In a year of transition for the Maricopa County Attorney's Office, Republican Bill Montgomery will be the one to transform it into what he says will be "his office" and not a clone of former county attorney Andrew Thomas.
Montgomery handily won the race for the county attorney's post, defeating Libertarian Michael Kielsky by capturing 75 percent of the votes to Kielsky's 25 percent, according to official results from the Maricopa County Board of Elections.
Montgomery's early magic number during election night ranged from 74 to 76 percent, margins he held after the early votes and after all of the ballots were turned in, according to the Maricopa County Board of Elections.
Montgomery, 43, who formerly served as a deputy county prosecutor for two stints, last served as head of the auto theft division before resigning April 30 soon after Rick Romley returned to the office. Romley replaced Thomas earlier this year when Thomas resigned to run for attorney general.
Montgomery, who supports the death penalty, ran on a platform of hot-button issues, including crimes committed by illegal immigrants, elder abuse and crimes against children.
He credited the hard work of his volunteer staff, which numbered more than 100 and where he stood on the issues as resonating with the voters.
"This is great," Montgomery said of his victory. "I was thinking that a 60 to 40 percent victory would have been pretty good, but it was better than that."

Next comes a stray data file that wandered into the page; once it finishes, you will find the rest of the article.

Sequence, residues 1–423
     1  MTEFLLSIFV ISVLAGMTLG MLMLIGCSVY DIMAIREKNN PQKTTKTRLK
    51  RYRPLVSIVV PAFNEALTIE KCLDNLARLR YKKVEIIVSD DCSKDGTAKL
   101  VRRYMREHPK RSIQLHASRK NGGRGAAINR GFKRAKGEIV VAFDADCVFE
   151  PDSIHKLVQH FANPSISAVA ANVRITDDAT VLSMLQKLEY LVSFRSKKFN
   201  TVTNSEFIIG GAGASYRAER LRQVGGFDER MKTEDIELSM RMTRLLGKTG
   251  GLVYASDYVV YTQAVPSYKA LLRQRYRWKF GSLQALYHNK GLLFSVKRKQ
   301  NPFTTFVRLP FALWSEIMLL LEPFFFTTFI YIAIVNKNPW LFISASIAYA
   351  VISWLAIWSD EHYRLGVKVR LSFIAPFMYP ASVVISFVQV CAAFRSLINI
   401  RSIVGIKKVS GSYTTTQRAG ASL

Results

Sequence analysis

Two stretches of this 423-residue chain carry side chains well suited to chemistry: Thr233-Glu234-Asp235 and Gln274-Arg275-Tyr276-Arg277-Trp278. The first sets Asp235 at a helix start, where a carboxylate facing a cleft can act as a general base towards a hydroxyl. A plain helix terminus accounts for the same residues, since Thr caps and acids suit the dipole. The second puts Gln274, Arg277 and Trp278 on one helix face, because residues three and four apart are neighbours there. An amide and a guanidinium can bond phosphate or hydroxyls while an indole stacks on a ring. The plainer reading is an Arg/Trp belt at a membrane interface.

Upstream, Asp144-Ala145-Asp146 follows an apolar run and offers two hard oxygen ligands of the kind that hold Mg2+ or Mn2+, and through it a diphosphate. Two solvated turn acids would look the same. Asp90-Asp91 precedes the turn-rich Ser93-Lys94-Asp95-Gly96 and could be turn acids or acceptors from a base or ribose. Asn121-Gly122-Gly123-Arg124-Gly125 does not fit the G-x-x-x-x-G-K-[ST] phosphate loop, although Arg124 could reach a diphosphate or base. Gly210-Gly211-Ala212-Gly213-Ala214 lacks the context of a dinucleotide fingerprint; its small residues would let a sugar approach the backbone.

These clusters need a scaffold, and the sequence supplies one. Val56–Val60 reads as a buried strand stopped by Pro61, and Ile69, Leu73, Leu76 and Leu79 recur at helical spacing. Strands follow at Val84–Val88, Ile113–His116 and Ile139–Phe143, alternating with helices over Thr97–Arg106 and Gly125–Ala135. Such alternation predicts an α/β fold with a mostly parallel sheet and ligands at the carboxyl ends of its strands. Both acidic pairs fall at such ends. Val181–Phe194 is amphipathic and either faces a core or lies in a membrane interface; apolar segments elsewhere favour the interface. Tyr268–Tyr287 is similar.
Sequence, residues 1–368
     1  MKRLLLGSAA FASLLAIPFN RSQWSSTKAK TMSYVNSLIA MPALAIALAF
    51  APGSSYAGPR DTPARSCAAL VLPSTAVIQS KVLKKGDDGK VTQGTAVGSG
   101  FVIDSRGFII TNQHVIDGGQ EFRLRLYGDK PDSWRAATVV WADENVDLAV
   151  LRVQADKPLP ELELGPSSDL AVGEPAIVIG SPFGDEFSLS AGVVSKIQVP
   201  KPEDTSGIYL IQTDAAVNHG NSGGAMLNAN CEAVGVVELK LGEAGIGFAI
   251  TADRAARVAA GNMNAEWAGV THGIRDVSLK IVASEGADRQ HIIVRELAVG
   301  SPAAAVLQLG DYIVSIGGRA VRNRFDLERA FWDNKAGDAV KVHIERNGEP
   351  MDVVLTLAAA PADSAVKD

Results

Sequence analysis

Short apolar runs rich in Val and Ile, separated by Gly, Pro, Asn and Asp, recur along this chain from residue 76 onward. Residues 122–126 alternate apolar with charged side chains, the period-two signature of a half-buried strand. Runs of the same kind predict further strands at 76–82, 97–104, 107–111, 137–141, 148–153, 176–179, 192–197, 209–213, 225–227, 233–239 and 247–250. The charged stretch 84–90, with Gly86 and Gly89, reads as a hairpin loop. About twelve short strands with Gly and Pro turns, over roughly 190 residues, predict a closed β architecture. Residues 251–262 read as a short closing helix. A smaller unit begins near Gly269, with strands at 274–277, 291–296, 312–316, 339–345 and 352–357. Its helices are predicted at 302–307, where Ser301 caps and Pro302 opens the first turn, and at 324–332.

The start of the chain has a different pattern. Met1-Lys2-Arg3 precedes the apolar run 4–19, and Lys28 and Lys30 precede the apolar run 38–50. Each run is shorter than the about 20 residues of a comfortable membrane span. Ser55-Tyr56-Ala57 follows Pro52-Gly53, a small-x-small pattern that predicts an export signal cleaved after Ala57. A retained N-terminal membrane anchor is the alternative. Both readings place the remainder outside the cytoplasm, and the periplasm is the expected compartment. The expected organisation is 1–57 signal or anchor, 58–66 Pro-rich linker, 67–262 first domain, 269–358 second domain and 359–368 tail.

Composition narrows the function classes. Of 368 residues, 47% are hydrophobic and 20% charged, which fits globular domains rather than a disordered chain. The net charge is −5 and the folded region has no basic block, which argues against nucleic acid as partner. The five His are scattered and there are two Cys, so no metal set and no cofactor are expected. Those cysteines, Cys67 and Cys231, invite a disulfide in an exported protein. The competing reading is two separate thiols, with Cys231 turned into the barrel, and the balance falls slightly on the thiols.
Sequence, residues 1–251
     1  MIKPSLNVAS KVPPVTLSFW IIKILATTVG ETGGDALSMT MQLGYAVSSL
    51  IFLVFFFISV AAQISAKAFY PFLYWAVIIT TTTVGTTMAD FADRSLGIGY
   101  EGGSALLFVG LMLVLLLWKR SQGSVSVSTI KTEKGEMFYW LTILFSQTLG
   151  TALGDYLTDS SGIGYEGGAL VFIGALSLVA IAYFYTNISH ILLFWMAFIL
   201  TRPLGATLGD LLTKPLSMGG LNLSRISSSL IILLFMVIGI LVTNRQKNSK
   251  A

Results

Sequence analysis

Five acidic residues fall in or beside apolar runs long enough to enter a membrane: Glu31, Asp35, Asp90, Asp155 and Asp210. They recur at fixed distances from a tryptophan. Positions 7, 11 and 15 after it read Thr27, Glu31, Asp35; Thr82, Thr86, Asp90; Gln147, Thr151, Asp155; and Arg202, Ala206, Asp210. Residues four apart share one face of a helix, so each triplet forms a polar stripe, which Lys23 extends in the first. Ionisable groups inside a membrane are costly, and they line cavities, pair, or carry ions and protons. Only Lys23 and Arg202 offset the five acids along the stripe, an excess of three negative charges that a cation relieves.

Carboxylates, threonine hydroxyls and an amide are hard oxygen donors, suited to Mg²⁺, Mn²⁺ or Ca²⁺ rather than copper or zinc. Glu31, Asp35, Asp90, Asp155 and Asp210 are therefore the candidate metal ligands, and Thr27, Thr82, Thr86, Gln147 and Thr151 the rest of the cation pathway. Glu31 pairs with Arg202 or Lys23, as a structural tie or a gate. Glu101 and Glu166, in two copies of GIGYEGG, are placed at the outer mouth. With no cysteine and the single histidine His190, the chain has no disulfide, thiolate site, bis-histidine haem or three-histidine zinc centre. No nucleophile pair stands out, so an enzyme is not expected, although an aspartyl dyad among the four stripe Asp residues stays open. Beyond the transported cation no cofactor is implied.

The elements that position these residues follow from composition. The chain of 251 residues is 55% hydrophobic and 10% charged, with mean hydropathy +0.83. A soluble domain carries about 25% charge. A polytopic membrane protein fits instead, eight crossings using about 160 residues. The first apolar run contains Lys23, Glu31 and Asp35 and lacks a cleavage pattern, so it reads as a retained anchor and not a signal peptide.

Montgomery vows to enforce all the laws "fully and thoroughly" and said he would revisit the office's current policies involving illegal immigration and the Employee Sanctions Act that were adjusted after Thomas resigned. Mirroring words from his campaign, Montgomery also said he would plan to indict co-conspirators under the human smuggling statute, something his Republican challenger in the primary said he would not do.
"We are also hopeful and expectant to have a good working relationship with the sheriff's office and the board of supervisors, ending the discord between the board and prosecutor's office in the past."
Kielsky, 46, and a 31-year resident of Arizona and an attorney in Scottsdale, was running on the platform of opposing SB 1070, Arizona's new illegal immigration law, and not fully supporting the death penalty.
Kielsky said late Tuesday he expected he would do better than the results showed.
"I'm disappointed," Kielsky said. "I was expecting to do a lot better than that. I was expecting nothing less than 30 percent of the vote and hoping for 40 percent. I had expected getting a decent number of people who vote Democrat as well as independents and a fair amount of Republicans. I'm surprised."
Montgomery said that Kielsky was an honorable opponent and respected the way he presented his stance on the issues.